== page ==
Maybe because that’s where country is different from other genres in that aspect, it does stick out. But Kacey Musgraves’ “Follow Your Arrow” is about embracing whatever your sexuality or kick is, Loretta Lynn’s “Your Squaw Is On The Warpath” in the late ’60s told her no-good husband how it was gonna be, and Rosanne Cash had a song called “Rosie Strike Back” that took on domestic violence in the ’80s.
All towns are company towns, I think we’re learning that now. But I also think some of these women are so clear on where they’re headed, they used that to become lighthouses for each of these writers – and whole generations of women who loved them.
One of the essays is about Loretta. Writer Madison Vin argues she was country music’s queen of the sexual revolution. She writes, “I chew on the possibility that if Loretta Lynn hadn’t spoken up, my mother might have been quieted, ignored—dulled. My mother is effervescent. no matter the room, her aura fills it. But what if she wasn’t allowed to be? Would my sisters and myself have then, in turn, been taught to bite our (admittedly sharp) tongues? Would we have been saddled with a universe of gray?” Can you talk about that a bit, how these singers didn’t just change the writers’ lives, but women as a whole?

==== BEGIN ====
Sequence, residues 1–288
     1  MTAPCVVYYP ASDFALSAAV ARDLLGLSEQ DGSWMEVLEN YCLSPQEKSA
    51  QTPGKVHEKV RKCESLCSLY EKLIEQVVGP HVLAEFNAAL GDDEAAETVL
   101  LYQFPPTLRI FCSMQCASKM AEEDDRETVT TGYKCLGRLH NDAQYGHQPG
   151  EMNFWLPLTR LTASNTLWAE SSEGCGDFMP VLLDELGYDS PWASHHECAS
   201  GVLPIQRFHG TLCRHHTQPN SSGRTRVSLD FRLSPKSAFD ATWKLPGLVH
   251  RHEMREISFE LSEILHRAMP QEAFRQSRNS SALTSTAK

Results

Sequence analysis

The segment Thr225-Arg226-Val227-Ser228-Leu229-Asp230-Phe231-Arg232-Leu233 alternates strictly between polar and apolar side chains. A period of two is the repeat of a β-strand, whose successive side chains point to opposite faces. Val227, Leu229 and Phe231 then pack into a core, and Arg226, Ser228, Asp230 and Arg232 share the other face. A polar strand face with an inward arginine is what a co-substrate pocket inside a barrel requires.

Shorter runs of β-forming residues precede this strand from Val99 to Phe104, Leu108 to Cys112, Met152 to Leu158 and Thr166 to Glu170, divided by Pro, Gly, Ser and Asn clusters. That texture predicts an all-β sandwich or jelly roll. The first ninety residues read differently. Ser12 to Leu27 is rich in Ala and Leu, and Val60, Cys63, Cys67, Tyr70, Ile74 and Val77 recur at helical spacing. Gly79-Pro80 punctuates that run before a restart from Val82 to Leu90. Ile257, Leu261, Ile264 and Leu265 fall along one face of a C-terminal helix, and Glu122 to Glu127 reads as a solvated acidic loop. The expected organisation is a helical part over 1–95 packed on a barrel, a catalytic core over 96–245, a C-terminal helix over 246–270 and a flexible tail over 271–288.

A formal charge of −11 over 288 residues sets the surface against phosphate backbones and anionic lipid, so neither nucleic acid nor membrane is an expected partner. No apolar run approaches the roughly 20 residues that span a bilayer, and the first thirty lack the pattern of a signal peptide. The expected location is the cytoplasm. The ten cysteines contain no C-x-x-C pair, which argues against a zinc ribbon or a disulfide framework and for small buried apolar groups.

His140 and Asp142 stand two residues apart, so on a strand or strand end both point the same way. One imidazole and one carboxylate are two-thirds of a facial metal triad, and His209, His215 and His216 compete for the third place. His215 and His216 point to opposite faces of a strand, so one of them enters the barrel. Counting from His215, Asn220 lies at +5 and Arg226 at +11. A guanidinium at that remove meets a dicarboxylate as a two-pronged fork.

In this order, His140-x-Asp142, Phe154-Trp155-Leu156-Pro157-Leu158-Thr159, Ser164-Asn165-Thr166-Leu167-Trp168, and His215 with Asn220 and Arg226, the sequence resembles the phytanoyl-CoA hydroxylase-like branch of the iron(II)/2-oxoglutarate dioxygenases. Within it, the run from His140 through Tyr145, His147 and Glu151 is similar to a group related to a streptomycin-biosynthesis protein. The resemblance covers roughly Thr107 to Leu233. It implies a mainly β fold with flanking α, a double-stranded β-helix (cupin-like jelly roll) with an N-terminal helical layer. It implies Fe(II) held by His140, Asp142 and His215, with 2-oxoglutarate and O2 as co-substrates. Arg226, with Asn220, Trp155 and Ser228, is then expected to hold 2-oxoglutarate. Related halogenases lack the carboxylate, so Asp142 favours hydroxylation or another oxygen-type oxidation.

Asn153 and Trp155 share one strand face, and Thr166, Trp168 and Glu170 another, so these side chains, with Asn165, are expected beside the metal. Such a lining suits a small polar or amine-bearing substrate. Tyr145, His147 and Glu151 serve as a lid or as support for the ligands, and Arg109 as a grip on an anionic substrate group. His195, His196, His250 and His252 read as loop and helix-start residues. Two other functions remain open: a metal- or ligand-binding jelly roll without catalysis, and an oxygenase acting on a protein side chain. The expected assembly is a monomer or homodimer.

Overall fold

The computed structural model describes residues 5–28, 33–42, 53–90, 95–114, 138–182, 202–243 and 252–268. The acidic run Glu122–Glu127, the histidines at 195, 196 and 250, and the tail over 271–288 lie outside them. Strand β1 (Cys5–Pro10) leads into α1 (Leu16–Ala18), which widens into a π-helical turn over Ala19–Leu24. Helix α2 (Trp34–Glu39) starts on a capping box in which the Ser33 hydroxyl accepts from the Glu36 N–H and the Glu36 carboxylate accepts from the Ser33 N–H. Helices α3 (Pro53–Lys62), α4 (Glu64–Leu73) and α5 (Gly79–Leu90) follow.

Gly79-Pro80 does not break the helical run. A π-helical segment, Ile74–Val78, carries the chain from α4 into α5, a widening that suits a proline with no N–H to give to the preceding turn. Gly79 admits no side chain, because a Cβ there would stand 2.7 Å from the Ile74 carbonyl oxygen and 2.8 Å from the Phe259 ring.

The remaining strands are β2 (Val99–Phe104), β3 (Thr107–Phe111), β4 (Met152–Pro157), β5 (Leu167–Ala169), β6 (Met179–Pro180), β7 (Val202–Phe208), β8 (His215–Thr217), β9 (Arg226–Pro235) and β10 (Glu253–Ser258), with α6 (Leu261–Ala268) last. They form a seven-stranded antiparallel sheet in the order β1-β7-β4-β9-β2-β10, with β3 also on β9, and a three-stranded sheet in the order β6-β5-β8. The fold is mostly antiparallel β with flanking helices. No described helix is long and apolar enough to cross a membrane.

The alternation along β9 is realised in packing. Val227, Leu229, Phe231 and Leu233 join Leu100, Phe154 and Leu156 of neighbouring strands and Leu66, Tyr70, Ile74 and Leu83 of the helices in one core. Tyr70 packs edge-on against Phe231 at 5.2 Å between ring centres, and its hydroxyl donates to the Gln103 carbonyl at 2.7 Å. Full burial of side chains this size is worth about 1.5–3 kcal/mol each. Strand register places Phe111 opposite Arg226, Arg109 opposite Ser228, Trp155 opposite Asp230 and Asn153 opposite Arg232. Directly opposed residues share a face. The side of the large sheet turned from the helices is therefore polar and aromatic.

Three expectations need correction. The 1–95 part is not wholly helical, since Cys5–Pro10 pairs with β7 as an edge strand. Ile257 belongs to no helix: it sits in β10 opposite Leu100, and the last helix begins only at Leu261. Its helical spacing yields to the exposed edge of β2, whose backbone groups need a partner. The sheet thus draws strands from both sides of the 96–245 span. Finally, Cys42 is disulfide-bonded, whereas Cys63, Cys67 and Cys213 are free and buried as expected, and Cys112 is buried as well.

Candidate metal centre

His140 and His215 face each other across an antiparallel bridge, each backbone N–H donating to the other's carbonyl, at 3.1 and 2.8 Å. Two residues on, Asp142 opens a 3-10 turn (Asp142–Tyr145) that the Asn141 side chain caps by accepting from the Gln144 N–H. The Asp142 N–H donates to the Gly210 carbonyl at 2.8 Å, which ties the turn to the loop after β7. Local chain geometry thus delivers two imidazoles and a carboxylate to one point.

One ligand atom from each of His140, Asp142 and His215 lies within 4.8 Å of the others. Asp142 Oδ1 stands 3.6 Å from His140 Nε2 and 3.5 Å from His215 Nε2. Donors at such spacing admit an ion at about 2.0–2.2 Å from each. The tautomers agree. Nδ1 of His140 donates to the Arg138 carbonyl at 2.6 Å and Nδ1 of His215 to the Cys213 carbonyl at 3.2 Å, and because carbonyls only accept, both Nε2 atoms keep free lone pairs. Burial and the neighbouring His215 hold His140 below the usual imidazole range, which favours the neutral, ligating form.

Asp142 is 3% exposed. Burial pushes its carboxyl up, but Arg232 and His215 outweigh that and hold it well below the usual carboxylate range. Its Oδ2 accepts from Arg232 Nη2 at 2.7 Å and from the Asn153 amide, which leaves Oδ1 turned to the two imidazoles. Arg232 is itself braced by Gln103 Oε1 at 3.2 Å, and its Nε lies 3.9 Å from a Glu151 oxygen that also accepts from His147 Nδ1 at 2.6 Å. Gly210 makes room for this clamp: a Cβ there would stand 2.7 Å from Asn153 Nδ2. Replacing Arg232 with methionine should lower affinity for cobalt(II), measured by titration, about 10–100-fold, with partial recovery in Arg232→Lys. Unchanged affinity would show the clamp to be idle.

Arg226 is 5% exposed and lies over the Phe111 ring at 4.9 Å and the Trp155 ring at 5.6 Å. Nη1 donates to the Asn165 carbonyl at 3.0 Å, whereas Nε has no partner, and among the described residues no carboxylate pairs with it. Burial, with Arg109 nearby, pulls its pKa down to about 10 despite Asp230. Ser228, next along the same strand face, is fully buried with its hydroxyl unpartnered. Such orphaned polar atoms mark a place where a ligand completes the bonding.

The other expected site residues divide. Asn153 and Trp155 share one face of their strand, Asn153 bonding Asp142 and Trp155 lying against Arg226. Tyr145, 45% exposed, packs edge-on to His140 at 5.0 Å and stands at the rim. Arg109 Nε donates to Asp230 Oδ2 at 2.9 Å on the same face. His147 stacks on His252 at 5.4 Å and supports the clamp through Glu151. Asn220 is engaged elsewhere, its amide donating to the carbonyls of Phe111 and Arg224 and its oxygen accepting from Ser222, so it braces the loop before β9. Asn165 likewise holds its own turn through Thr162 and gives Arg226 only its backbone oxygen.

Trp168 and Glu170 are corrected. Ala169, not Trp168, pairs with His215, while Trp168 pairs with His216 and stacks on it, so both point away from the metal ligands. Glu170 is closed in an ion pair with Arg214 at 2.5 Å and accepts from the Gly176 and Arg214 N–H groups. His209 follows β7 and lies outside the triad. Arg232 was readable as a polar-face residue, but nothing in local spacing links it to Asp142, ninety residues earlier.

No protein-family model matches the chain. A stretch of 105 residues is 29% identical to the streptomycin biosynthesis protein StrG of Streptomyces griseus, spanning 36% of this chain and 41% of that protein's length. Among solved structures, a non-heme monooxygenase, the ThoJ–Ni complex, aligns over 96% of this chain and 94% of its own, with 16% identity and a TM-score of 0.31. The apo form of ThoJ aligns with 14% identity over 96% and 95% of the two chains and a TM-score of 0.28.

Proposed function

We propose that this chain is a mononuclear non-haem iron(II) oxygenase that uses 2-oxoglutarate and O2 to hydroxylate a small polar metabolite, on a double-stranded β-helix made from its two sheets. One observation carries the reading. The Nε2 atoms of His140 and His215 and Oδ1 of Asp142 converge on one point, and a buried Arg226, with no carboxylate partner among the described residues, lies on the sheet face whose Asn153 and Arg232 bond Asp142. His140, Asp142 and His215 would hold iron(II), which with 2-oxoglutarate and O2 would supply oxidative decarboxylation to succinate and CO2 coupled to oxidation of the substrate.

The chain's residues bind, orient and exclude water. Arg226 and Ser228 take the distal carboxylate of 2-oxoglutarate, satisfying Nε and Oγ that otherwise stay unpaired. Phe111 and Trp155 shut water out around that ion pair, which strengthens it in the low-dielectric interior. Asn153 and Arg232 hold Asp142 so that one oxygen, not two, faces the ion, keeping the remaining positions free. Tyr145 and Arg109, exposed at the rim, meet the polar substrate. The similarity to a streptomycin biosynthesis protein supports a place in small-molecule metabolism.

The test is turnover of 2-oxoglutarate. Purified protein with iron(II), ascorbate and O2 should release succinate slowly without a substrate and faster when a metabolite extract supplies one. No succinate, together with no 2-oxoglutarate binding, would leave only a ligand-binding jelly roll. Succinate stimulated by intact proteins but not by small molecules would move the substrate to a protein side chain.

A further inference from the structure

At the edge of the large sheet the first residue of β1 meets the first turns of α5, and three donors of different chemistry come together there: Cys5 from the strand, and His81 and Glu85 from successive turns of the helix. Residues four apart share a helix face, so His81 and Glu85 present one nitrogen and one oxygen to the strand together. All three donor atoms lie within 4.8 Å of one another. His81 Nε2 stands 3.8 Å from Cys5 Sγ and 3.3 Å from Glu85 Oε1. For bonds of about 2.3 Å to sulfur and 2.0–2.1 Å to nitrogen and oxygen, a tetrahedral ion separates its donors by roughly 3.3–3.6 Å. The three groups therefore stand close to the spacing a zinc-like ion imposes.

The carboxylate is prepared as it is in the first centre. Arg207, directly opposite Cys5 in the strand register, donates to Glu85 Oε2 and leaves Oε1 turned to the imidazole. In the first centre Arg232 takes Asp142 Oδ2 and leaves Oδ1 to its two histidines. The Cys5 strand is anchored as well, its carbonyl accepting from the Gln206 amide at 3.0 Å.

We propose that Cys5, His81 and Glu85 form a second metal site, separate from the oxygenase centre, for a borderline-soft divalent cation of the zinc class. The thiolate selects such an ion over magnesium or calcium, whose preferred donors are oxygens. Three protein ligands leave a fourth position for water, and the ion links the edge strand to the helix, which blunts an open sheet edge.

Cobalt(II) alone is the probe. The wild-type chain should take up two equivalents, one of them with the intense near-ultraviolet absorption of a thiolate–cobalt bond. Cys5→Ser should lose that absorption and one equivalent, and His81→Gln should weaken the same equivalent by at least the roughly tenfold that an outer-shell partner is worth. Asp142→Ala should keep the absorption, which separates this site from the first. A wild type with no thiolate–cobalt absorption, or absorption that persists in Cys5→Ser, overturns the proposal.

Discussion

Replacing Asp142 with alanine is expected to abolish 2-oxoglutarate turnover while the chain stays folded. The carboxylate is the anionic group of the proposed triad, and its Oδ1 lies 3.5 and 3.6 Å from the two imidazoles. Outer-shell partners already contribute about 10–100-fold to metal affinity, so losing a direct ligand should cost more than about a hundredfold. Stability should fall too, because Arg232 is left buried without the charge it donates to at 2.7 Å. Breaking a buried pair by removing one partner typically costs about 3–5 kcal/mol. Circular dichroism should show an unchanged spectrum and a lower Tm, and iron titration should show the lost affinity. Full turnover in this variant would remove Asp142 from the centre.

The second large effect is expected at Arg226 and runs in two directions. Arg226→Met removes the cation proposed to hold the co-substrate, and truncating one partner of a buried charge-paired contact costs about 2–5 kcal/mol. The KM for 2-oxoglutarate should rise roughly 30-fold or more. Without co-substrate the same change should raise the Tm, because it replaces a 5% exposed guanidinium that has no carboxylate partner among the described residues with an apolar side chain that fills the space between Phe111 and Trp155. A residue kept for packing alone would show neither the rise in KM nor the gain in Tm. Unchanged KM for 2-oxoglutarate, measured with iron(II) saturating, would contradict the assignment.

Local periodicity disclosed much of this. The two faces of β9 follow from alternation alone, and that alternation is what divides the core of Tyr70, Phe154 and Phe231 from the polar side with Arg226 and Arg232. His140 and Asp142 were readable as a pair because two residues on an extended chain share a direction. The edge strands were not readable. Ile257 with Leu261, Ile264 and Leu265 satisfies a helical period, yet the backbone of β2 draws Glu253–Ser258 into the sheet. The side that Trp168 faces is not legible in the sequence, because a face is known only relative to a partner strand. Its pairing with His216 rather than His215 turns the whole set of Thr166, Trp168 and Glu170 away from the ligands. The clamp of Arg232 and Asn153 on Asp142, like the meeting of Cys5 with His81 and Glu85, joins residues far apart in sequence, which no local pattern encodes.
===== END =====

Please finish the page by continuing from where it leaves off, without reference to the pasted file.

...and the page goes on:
I think sexism was more out in the open in the ’60s and ’70s, with Phyllis Schlafly and the Real Woman Movement serving as a counter to Betty Friedan and Gloria Steinem. For Loretta Lynn, Dolly Parton, Maybelle Carter, then Carlene Carter and Rosanne Cash, Patty Loveless, as well Lacy J Dalton, Gail Davies, Reba McEntire and Martina McBride who aren’t in the book, regular working women could have this shiny artist who was putting her foot down, speaking up, saying “no” or “enough” or “I don’t think so.”
Remember, country singers weren’t movie stars. They were salt of the earth, just like we are. Loveless recorded Lucinda Williams’ “The Night’s Too Long” in 1988, because she knew what it was like to sling hash and yearn for more; she knew she could go out and get it because – as the essay explains — of Dolly and Loretta.